Monday, March 30, 2015

Impressions on the book "The Music of Zamboanga: A Historical Perspective"

This was a talk delivered during the launch of the book "The Music of Zamboanga: A Historical Perspective" on March 28, 2015 at the Crystal Ballroom of Astoria Hotel in Zamboanga City. The author, Prof. Norma C. Conti, and her daughter Cielito Olegario, asked me to give my impressions of the book.

The front and back cover of the book "The Music of Zamboanga: A Historical Perspective" by Prof. Norma Camins Conti.

Professor Norma Conti has crafted many love letters to Zamboanga City. These love letters have invariably taken the form of songs, songs that have since become icons of Zamboanga culture. I call them love letters because it is immediately apparent to the listener that the creator of such songs as Vamos a Zamboanga and Paseo de Amigos is hopelessly, irrevocably in love with Zamboanga.

Prof. Conti either writes about Zamboanga, or writes in Zamboangueno, or writes songs about Zamboanga in Zamboangueno. In all these songs, her infatuation with all things of this city is undeniable.

And so when I heard about this latest labor of love of I was eager to get ahold of it. A love letter from Prof Conti, this time in book form. 

I have read the book. It was a fast read for me because it is written in a very conversational and natural way. Admittedly, it was also a fast read for me too because I do not know how to read musical notes. There are pages upon pages of musical score, some painstakingly hand written by the author that would delight the educated musician. The beauty of these music sheets were lost on me, unfortunately.

But like Prof Conti, I love music. However, as her daughter Cielito, my best friend since high school can attest, the songs that I prefer are not necessarily the songs that Prof Conti would prefer. But I am an academician and I am someone who has done some research in history and in music, specifically in the history and in the music of Zamboanga. It is for these reasons that I am delighted that Prof Conti has come out with this book. 

The book straddles the two literary disciplines: academic writing and journal writing. The book will be a worthy addition to any library for its value as reference in the areas of music, traditional music, music history, Filipino music, and Philippine culture. You all know that books like those I have just mentioned tend to be dry and boring. This one isn’t. While erudite, Prof Conti’s book is filled with trivia and interesting tidbits about Zamboanga life, especially about a lifestyle that is long gone.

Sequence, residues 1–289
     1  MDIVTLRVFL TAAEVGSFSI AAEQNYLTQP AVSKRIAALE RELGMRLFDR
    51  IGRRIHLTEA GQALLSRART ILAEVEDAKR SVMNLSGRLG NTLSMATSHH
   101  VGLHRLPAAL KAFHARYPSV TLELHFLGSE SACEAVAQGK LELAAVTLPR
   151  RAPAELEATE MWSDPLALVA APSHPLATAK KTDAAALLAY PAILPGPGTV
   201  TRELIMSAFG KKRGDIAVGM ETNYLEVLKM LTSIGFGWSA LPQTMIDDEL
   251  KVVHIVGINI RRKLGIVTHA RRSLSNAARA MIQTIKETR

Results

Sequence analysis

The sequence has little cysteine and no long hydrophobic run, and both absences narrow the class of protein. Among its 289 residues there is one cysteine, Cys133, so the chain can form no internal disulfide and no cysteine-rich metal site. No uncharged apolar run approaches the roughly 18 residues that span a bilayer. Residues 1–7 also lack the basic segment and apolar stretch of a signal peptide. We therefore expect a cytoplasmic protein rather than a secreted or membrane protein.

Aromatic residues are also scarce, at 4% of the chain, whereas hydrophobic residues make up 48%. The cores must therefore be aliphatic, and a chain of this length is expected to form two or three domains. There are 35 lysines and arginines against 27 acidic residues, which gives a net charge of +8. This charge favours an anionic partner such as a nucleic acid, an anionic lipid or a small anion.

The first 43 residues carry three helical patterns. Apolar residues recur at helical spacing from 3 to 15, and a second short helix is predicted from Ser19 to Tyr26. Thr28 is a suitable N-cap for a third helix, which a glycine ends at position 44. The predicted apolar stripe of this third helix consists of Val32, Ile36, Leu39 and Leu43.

For example, did you know that the song No Te Vayas has the exact same melody as the regimental march of an American infantry regiment? The regiment had been assigned here during the American occupation of the Philippines. It makes one wonder, whose melody was it originally, theirs or ours? Also, did you know that the same song, No Te Vayas, was played during the international trade fair St. Louis Exposition in 1904? This means a song from Zamboanga was chosen to represent the Philippines!

The book also tells us that the canonical Filipino love song, “Dahil Sa Yo” was in fact written by someone who grew up in Zamboanga City, and probably written while he was in Zamboanga. The romantics in us would say that the song was probably inspired by the mythical beauties of Zamboanga. 

Prof. Conti’s book is informative. It reveals to us that songs can give us a glimpse of the kind of relationship that most likely existed between natives and Spaniards such as in the lyrics of a zarzuela that has a female singer saying: “…yo Filipina, uste Espanol”, hinting at an insurmountable divide between the two races.

The book has a list of Zamboanguenos who made significant contributions to the musical culture of the city, from the indigenous tribes to the various invaders, to the current crop of rock and pop musicians. It lists favorite songs of our civic leaders. It features songs written and sung to express our collective aspirations, such as the song written about the our fate after the Zamboanga Siege of 2013.

The book makes you realize that Zamboanga music might have changed over the years; gone are the zarzuelas of old, now replaced by popular melodies like Porque and Cuando, but that all of these songs exists in a continuum. 

For example, the rap battle that regularly takes place at Paseo del Mar, participated in by many of our youth, how different is that really from the bantayanons of old?

According to Prof Conti, bantayanons are verbal jousts or duels between two or participants employing the dynamics of music. That exact same definition can be applied to rap battles. Bantayanon is usually done by people in the barrio rather than residents of poblacion or town centers. Rap battles are more common among the youth in the street, the kanto boys. This means both bantayanons and rap battles are mass culture rather than high culture. They are, in other words, pang-masa. The similarities go on. Both involve improvisation, both are battles of wits, with participants trying to outdo each other usingn words set to music. Both can be on any topic relevant to the participants, both can involve naughty themes and naughty words.

The book does not say that bantayanons are the pre-cursor of rap battles but it does give you the information that allows you to make these connections.

The book is a combination of intellectual insights, insider information, and rigid research. Because of this, the book is a worthy addition to any library. The book is for everybody interested in Zamboanga, interested in music, interested in history. 

To Professor Norma Conti, my warmest congratulations on the publication of this book. It is an amazing additional to an already amazing body of work.

To everybody, I hope all of you will give yourself the gift of reading of this book. 

Delivering the talk.

With the author after the launch.